Most women would like to pretend that hemorrhoids do not exist. But during pregnancy, they may crop up or become more severe if you're already suffering. Symptoms include bleeding, itching, and soreness in the rectal area.
Hemorrhoids (also called piles) occur when rectal veins swell due to increased pressure. "During pregnancy, hemorrhoids are caused by the sheer weight of the uterus on the veins," says Lisa Domagalski, M.D. FACOG, an ob-gyn at Women and Infants Hospital in Rhode Island and assistant clinical instructor at Brown University.
Constipation, often a problem since pregnancy slows down the gastrointestinal tract, can exacerbate hemorrhoids. The key to preventing constipation is to drink plenty of water and eat at least two grams of fiber every day -- good sources include bran cereal, apples, and spinach. Your doctor may recommend fiber supplements or stool softeners.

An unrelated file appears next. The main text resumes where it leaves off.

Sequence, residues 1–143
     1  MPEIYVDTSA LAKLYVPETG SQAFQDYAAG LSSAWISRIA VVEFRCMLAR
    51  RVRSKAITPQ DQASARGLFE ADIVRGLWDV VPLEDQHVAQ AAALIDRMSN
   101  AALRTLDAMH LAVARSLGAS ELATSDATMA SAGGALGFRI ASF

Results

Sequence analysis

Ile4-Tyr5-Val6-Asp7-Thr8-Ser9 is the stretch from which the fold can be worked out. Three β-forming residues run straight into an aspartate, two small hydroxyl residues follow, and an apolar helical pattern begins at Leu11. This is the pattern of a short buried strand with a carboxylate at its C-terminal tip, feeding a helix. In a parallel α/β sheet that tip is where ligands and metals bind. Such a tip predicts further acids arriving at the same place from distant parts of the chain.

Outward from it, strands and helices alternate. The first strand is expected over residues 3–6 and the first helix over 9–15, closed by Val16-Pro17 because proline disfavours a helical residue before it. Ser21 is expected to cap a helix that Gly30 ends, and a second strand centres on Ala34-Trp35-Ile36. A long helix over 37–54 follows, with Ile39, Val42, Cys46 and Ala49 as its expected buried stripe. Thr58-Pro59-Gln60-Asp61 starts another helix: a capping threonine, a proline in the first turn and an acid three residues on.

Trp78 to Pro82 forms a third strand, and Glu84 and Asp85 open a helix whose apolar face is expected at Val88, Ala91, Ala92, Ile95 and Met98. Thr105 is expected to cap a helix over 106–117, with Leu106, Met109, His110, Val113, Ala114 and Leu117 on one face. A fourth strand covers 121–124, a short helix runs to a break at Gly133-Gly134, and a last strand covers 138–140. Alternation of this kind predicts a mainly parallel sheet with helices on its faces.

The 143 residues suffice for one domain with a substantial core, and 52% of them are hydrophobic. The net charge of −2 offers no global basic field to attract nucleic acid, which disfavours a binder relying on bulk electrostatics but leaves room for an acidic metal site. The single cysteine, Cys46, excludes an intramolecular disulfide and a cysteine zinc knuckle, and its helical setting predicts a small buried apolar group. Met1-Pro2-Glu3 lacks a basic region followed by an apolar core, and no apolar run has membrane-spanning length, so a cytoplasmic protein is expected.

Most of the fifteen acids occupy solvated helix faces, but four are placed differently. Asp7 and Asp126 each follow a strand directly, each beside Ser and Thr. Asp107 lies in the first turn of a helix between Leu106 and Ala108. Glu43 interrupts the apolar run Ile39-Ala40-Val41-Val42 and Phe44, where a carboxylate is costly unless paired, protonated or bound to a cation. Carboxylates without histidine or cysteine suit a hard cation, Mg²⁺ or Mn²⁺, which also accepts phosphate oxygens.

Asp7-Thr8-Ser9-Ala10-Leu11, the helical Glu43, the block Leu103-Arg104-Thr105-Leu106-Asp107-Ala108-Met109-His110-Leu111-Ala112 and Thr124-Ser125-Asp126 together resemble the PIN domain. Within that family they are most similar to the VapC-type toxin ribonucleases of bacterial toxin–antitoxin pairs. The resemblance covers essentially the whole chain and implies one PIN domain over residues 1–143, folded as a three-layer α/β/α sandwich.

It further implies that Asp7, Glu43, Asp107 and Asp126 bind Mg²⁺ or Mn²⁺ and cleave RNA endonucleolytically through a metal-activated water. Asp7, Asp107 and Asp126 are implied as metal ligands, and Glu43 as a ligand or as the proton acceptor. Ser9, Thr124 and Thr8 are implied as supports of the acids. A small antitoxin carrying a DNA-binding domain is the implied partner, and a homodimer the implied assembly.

To get relief, cleanse with witch hazel pads (Tucks) after a bowel movement, soak in a warm sitz bath, apply an ice pack, and avoid sitting on hard surfaces. Ask your doctor about trying over-the-counter creams, such as Preparation H Hydrocortisone 1% Anti-Itch Cream, that temporarily relieve itch and inflammation.
In rare cases, painful blood clots, called thrombosed hemorrhoids, can form inside the veins. If this happens, you'll need to have them surgically removed in a minor procedure before your delivery.
But there is good news: "Hemorrhoids do get better after delivery," Domagalski says. "They can shrink considerably or totally disappear."